Kokua Line: Town-bound lanes of Pali Highway will level out with final coat of pavement
Question: Does DOT have its inspectors monitor repaving and acceptance of repaving work?
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Question: Does DOT have its inspectors monitor repaving and acceptance of repaving work? Driving on town-bound lanes of Pali Highway is like riding a roller coaster. Some areas could panic elderly drivers and cause an accident.
Answer: Yes, inspectors do monitor the work. Although you’re asking about the Pali Highway repaving project, other readers have expressed similar concerns about other roads. So we asked the state Department of Transportation about the Pali work, and to briefly describe the inspection/ acceptance process when a contractor repaves any stretch of road under the department’s jurisdiction. Shelly Kunishige, a DOT spokeswoman, emailed the response:
“The Pali Highway repaving between Kamehameha Highway and Waokanaka Street is ongoing. The surface the public is driving over in the town-bound lanes is not the final driving surface, so there are variations in the heights of the pavement layers as we build up to the final pavement layer. Once the final pavement layer is put in, the roadway will be level.
“In general, when we repave or reconstruct a roadway, we start off by milling the roadway (removing the top layers) and building the supporting layers up. This sequencing allows for longer stretches of continuous pavement and a smoother final roadway when complete. HDOT inspectors check for the following during asphalt paving: 1) suitable base course; 2) asphalt mix is correct; 3) correct thickness of asphalt; 4) correct paving equipment is being used; 5) the asphalt mix is being heated to the correct temperature; 6) proper compaction of the asphalt; and, 7) pavement is rolled and even before opening to traffic (note, there will be level changes between paving courses). Between each pavement layer, pavement smoothness is checked through a combination of checking joints and other areas with a straight edge, visual inspection, and by driving over the surface.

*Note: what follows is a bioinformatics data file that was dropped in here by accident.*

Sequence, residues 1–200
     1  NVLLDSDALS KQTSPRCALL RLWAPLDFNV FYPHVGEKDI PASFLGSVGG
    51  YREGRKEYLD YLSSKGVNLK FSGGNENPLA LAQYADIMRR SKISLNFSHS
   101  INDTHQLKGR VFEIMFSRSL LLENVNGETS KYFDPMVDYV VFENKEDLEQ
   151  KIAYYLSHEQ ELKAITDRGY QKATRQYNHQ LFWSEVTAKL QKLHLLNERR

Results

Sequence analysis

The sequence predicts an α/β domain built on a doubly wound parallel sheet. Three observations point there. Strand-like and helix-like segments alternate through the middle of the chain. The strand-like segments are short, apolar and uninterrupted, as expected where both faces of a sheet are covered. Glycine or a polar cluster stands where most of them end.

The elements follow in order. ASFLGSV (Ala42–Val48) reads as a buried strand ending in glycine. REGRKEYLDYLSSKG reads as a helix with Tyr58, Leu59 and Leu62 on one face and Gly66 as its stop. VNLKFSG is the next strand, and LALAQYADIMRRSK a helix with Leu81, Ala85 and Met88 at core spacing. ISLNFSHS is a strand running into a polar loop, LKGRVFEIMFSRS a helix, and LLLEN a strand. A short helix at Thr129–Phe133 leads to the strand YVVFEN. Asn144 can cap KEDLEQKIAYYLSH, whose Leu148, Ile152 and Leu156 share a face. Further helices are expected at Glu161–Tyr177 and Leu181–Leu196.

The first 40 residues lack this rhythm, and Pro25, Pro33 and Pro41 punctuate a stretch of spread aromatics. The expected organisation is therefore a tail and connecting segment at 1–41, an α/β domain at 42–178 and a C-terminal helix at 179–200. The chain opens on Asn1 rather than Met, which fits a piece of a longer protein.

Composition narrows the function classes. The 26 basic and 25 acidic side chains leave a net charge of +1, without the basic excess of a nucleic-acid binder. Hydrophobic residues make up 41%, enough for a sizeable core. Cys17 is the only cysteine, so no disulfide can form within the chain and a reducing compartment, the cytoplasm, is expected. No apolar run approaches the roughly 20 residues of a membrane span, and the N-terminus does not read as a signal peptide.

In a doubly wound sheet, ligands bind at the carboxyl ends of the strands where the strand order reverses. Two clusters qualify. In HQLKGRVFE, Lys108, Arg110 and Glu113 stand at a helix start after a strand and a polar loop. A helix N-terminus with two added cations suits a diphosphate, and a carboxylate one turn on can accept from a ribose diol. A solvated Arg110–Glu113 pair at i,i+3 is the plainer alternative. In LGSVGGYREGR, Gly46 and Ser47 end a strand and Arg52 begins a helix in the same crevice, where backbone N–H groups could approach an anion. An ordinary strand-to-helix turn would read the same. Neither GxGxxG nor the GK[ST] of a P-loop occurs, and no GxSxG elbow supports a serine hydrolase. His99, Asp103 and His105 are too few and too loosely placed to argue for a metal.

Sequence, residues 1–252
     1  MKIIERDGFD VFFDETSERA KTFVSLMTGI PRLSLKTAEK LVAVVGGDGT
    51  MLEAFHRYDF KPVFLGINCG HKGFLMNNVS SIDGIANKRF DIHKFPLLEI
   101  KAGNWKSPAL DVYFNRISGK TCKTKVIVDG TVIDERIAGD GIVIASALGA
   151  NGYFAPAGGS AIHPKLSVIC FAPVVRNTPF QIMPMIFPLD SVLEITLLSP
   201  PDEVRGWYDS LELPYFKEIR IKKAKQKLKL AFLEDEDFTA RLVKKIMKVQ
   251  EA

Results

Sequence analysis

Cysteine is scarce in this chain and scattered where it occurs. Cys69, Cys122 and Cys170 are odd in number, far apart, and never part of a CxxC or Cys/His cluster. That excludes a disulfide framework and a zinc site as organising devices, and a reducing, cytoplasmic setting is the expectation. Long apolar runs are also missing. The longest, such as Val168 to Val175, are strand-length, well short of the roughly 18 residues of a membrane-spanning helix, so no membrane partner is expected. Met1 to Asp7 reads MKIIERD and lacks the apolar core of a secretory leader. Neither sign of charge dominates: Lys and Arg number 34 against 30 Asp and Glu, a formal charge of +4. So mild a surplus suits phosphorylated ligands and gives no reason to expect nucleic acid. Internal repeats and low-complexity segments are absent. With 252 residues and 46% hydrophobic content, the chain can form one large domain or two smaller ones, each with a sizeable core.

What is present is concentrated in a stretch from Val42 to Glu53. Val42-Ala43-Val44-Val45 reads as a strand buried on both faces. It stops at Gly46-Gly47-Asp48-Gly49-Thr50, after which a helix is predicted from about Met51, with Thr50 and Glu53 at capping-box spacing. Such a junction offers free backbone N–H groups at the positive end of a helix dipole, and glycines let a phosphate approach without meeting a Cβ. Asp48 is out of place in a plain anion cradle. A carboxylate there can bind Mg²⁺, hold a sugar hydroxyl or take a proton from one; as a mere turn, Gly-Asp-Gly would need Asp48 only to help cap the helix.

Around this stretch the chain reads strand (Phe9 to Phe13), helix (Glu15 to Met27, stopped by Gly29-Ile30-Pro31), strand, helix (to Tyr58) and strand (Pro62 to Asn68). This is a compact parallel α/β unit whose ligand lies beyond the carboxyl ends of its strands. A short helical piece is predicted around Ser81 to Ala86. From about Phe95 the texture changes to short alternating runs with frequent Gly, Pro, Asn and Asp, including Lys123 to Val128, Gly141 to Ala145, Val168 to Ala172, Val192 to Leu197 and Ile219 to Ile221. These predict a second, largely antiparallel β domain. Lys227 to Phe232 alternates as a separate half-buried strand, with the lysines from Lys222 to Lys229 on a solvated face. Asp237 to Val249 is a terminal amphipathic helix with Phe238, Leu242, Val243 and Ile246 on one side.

“When driving at the posted speed limit, the level changes should not pose a safety concern to motorists. If a motorist encounters an unsafe condition on a state roadway, we recommend he/she report it to our maintenance hot line at 831-6714 or MSWClerk@hawaii.gov.”
Q: It’s wonderful that Pali Highway is now open. Is the Pali Lookout open also?
A: No, not yet. “Despite the reopening of Pali Highway, the Nu‘uanu Pali State Wayside lookout remains closed,” according to the Department of Land and Natural Resources’ Division of State Parks.
We emailed a spokesman, seeking an expected reopening date for the scenic overlook, but didn’t hear back by deadline.
Since Sept. 1, Pali Highway has been open in both directions Sundays through Fridays from 5 a.m. to 7 p.m. (closed Saturdays and overnight).
The lookout has been closed since February, when landslides damaged the highway; the highway was initially closed during the emergency repairs but later was opened to contra-flow traffic for limited hours before the broader access began this month.
Responding to Friday’s column (808ne.ws/96kline), readers told of food they couldn’t get through airport security: kulolo, raw veggie pita sandwiches, supposedly frozen butter, Jello shots — OK, that last one seems obvious. Other readers chastised us for not emphasizing that the TSA’s whole 3-1-1 rule — not just the container size — applies to food in liquid or gel form in carry-on luggage. The 3-1-1 rule means that liquids and gels must be in 3.4-ounce (100 ml) containers or smaller; placed together inside a single, quart-size Ziploc-style bag; one Ziploc bag per passenger.
Mahalo to Mike for helping me to my feet when I slipped on papaya on the sidewalk in Kailua. — Grateful senior citizen
Write to Kokua Line at Honolulu Star-Advertiser, 7 Waterfront Plaza, Suite 210, 500 Ala Moana Blvd., Honolulu 96813; call 529-4773; fax 529-4750; or email email@example.com.